The NMJ in vertebrates is a “tripartite synapse” consisting of a motor axon terminal, a muscle endplate, and terminal Schwann cells (tSCs) that envelope the motor axon terminal (Fig. 1A)[13]. NRG1 expressed in neurons and tSCs appears to contribute to NMJ development and maturation directly via NRG1/ErbB2 signaling in muscles [14] and indirectly via tSC [13,15,16]. In particular, it was recently shown that axonal NRG1-type III signaling regulates synaptic elimination in NMJ development by modulating tSC activity [16,17]. However, it is still unclear whether the signaling mechanism of NRG1-type III in tSCs for synaptic elimination functions through a pathway similar to that employed in SC myelination.

In this study, we examined the roles of Gab1 and Gab2 in the development of the NMJ using muscle-specific Gab1 KO and conventional Gab2 KO mice. Muscle-specific Gab1 null mice exhibited abnormal development of the NMJ. We also identified an important role for Gab1 in tSCs in synaptic elimination during postnatal development of the NMJ using SC-specific Gab1 conditional KO mice. However, the NMJ developed normally in Gab2 knockout mice. Thus, our data show that Gab1 plays a pleiotropic and non-redundant function in the NRG1-mediated development of the peripheral neuromuscular system.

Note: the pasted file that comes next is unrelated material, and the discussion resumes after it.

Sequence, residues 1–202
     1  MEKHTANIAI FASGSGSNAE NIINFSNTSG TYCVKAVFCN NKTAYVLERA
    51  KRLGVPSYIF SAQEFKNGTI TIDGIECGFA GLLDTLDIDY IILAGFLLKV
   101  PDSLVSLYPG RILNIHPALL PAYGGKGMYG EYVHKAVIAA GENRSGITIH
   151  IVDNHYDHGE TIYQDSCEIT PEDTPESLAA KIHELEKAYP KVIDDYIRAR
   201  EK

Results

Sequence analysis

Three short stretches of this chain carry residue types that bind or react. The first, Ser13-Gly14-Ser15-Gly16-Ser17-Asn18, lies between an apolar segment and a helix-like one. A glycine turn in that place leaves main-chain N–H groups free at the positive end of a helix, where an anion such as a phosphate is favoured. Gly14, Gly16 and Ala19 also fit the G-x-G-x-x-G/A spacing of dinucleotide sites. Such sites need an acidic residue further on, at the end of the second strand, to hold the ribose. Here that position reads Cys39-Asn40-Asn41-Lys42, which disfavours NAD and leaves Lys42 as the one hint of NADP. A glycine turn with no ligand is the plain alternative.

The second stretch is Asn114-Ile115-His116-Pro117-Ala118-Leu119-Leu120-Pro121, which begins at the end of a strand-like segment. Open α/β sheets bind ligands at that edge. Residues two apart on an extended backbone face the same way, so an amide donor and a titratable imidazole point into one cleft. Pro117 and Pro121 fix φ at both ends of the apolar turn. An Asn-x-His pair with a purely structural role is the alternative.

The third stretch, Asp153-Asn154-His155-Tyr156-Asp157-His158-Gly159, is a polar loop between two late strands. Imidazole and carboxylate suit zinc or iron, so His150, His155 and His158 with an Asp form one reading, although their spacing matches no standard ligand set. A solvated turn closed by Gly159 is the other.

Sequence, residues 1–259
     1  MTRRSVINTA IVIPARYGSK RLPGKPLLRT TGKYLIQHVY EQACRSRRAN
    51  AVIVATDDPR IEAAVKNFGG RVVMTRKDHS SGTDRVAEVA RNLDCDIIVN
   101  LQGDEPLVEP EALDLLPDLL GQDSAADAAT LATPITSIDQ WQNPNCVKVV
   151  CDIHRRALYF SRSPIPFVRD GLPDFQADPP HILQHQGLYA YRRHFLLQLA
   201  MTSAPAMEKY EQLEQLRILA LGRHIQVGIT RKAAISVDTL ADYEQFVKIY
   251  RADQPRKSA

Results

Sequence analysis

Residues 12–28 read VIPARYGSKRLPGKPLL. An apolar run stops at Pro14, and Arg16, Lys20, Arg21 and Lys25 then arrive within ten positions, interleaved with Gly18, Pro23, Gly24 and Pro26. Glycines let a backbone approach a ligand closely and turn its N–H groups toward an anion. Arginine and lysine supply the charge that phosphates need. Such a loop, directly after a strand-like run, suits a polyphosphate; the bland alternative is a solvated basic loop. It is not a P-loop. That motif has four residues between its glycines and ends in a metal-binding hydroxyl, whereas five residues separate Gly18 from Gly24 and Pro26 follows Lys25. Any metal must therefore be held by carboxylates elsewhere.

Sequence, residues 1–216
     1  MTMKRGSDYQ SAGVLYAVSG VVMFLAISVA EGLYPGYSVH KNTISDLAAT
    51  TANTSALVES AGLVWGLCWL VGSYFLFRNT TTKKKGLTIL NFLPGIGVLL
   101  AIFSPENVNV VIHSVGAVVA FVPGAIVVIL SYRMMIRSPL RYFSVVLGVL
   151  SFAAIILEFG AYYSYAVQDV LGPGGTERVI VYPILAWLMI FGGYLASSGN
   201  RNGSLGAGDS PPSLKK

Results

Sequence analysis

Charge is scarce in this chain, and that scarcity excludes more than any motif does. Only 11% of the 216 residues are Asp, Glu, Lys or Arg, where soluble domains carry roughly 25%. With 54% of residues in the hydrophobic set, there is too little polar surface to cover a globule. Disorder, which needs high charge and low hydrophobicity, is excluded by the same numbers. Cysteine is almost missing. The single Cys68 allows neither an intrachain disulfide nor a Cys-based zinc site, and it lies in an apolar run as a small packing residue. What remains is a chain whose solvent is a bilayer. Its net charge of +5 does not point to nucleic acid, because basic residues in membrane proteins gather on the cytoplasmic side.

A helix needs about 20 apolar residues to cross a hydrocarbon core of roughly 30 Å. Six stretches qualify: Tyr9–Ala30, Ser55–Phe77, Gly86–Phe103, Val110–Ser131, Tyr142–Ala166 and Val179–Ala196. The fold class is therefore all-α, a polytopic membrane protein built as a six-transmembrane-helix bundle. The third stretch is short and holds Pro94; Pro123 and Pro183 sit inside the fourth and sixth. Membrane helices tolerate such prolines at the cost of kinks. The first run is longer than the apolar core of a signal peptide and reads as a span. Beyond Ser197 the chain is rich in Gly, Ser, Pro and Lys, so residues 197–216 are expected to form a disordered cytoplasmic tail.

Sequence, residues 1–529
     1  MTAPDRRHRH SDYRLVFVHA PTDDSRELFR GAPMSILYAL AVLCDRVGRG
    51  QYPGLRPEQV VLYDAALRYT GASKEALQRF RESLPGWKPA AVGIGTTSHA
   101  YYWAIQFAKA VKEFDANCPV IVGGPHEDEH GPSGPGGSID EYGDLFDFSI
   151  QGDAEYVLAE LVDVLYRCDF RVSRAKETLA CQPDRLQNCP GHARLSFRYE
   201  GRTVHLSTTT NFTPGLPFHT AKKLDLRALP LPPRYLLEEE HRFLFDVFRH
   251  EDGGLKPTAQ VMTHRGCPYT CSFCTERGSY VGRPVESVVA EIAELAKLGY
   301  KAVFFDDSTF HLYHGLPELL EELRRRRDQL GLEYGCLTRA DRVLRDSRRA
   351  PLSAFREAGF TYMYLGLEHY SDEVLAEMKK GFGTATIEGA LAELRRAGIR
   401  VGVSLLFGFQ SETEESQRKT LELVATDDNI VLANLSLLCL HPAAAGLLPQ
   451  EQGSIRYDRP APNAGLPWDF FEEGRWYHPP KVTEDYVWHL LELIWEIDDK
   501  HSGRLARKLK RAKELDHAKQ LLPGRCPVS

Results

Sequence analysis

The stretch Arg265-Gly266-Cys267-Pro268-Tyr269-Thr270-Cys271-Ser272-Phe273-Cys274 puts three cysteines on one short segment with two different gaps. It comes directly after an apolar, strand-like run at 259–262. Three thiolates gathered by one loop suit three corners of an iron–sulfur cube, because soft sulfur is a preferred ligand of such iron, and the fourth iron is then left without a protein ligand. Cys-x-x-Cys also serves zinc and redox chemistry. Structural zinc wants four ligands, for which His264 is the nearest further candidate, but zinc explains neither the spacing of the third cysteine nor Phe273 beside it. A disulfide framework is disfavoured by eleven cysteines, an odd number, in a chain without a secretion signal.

Materials

Antibodies against p75 neurotrophic receptor (Cat No; sc-6188) were obtained from Santa Cruz Biotechnology (Santa Cruz, CA, USA). Antibodies to Gab1 (Cat No; 3232S), horseradish peroxidase (HRP)-linked anti-rabbit IgG (Cat No; 7074), HRP-linked anti-mouse IgG (Cat No; 7076S) were obtained from Cell Signaling Technology (Boston, MA, USA). Antibody against S100 (Cat No; Z0311) was obtained from Dako (Carpinteria, CA, USA). Anti-neurofilament (NF) antibody (Cat No; N4142) were purchased from Sigma-Aldrich (St. Louis, MO, USA). FluoroLink Cy3-labelled goat anti-rabbit (Cat No; PA43004) and anti-mouse IgG (Cat No; PA43002) were purchased from Amersham Biosciences/GE Healthcare (Piscataway, NJ, USA). Alexa Fluor 488-labeled donkey anti-rat (Cat No; A21208) and anti-rabbit IgG (Cat No; A21206), and Alexa Fluor 488 conjugated alpha-bungarotoxin (Cat No; B13422, α-BT) were purchased from Molecular Probes (Carlsbad, CA, USA). All other undesignated reagents were purchased from Sigma-Aldrich.